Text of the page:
In this section, you will add Google Maps so that it loads when you launch the app.

Add your API key

The API key that you created in an earlier step needs to be provided to the app so that Maps SDK for Android can associate your key with your app.

  1. To provide this, first create a new file called secrets.properties in the root directory of your project (the same level where gradle.properties and settings.gradle are).
  2. In that file, define a new key GOOGLE_MAPS_API_KEY with its value being the API key that you created.

secrets.properties

GOOGLE_MAPS_API_KEY="YOUR KEY HERE"

Notice that secrets.properties is listed in the .gitignore file in the Git repository. This is because your API key is considered sensitive information and should not be checked in to source control, if possible.

  1. Next, modify your app's build.gradle file located in the app/ directory and add the following lines after android > defaultConfig:

build.gradle

def secretsProperties = new Properties()
if (rootProject.file("secrets.properties").exists()) {
   rootProject.file("secrets.properties")?.withInputStream {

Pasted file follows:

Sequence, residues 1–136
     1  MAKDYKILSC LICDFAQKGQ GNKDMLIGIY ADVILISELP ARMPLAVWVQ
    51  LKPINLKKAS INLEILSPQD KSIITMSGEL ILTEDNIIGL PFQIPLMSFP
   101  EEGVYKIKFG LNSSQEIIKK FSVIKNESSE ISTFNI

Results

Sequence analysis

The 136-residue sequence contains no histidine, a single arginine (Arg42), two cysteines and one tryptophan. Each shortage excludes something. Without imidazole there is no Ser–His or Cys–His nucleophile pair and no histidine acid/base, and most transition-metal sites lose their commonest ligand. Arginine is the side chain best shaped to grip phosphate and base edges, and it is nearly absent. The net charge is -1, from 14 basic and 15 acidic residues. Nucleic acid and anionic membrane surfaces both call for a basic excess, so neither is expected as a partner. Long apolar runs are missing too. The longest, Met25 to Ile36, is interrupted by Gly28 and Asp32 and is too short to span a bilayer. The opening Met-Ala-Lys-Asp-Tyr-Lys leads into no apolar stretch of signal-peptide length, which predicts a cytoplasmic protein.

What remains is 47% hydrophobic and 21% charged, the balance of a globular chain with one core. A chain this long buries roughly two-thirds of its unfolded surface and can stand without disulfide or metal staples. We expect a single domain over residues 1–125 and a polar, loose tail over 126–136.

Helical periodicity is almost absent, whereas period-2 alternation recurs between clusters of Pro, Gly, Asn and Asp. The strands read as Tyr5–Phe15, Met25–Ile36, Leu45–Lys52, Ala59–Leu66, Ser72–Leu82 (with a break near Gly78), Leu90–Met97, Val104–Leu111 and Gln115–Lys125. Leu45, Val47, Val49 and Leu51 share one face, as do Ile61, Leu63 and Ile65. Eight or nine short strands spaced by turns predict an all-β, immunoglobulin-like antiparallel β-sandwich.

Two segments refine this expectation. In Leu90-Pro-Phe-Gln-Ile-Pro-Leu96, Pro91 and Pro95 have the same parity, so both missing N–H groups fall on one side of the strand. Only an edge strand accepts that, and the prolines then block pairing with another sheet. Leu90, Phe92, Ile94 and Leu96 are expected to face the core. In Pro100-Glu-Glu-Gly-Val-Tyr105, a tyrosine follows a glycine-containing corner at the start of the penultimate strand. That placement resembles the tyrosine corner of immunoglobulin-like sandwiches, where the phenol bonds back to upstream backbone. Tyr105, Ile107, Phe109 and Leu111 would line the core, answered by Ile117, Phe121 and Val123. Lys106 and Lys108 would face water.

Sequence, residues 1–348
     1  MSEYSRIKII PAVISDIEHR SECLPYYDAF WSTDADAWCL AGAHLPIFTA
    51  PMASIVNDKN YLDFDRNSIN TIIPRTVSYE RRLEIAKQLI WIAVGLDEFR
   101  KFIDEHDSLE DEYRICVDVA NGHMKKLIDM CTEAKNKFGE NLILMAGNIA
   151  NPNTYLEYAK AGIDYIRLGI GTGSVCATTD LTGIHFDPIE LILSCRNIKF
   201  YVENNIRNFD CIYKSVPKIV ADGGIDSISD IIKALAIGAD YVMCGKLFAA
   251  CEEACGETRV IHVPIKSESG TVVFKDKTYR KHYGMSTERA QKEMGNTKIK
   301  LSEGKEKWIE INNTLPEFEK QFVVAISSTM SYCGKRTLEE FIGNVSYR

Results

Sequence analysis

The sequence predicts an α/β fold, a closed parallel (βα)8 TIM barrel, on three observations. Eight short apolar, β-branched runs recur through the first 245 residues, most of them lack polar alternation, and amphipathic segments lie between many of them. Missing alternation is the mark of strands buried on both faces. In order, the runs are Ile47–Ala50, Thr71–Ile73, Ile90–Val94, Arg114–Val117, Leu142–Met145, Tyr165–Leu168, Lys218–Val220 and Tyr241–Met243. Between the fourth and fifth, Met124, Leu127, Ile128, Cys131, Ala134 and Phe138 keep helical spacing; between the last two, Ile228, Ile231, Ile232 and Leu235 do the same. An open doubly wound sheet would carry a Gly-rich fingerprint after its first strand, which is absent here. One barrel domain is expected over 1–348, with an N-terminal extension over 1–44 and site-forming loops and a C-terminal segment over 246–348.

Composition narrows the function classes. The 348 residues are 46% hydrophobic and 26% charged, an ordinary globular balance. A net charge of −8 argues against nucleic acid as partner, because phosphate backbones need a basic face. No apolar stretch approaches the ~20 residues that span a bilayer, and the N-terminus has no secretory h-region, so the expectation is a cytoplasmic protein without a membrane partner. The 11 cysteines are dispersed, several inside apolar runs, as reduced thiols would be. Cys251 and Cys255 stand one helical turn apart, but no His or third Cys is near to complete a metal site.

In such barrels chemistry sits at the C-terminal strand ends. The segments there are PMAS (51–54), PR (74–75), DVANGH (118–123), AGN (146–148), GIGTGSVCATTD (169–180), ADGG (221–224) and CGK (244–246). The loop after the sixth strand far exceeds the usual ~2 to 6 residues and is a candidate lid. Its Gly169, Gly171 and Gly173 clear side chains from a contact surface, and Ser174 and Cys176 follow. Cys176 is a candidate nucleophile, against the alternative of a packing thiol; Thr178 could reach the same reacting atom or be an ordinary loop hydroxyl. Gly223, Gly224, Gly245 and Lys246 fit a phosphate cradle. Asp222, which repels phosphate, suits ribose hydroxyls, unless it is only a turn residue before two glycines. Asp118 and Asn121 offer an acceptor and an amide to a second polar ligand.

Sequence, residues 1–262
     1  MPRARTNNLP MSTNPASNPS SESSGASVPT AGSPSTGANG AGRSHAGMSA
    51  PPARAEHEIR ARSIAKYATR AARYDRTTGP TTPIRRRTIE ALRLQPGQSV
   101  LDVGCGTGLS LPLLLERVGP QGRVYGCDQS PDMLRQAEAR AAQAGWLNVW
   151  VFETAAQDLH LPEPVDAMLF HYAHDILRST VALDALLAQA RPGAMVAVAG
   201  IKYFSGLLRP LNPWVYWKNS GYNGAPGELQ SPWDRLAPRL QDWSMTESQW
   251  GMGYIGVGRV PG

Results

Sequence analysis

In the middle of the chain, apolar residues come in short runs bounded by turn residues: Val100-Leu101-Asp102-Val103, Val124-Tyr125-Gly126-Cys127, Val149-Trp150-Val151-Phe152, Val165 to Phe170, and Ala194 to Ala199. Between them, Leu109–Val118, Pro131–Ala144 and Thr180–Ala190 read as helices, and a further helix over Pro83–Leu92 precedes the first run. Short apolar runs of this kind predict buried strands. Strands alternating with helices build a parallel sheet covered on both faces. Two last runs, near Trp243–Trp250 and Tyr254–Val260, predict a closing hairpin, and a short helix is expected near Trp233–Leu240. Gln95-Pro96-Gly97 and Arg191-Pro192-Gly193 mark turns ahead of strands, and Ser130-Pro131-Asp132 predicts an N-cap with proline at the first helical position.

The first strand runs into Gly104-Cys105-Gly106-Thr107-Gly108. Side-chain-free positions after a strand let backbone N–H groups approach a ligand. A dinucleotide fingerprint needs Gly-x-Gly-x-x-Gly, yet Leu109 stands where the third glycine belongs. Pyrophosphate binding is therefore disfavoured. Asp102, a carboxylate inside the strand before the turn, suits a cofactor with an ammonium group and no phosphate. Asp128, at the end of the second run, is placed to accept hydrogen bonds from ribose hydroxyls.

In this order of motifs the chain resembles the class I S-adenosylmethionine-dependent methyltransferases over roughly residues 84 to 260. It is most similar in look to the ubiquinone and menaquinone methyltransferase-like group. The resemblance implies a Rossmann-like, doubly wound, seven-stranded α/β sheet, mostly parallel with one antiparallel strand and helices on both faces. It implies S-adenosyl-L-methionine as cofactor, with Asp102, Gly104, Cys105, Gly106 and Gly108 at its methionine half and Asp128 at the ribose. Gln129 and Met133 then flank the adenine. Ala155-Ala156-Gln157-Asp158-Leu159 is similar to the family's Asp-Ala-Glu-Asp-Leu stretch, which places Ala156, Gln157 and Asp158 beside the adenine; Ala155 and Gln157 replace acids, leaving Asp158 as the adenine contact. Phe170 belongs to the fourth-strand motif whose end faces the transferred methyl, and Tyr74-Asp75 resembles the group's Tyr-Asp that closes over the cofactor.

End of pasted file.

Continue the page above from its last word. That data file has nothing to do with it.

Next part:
secretsProperties.load(it)
   }
}
resValue "string", "google_maps_key", (secretsProperties["GOOGLE_MAPS_API_KEY"] ?: "")

These lines read the values defined within the secrets.properties file that you created and create a new string resource with the ID google_maps_key at build time. This Gradle technique allows you to access the API key that you defined while also keeping the secrets.properties file secret.

Add Google Maps dependency

  1. Now that your API key can be accessed inside the app, the next step is to add the the Maps SDK for Android dependency to your app's build.gradle file.

In the starter project that comes with this codelab, this dependency has already been added for you.

build.gradle

dependencies {
   // Dependency to include Maps SDK for Android
   implementation 'com.google.android.gms:play-services-maps:17.0.0'
}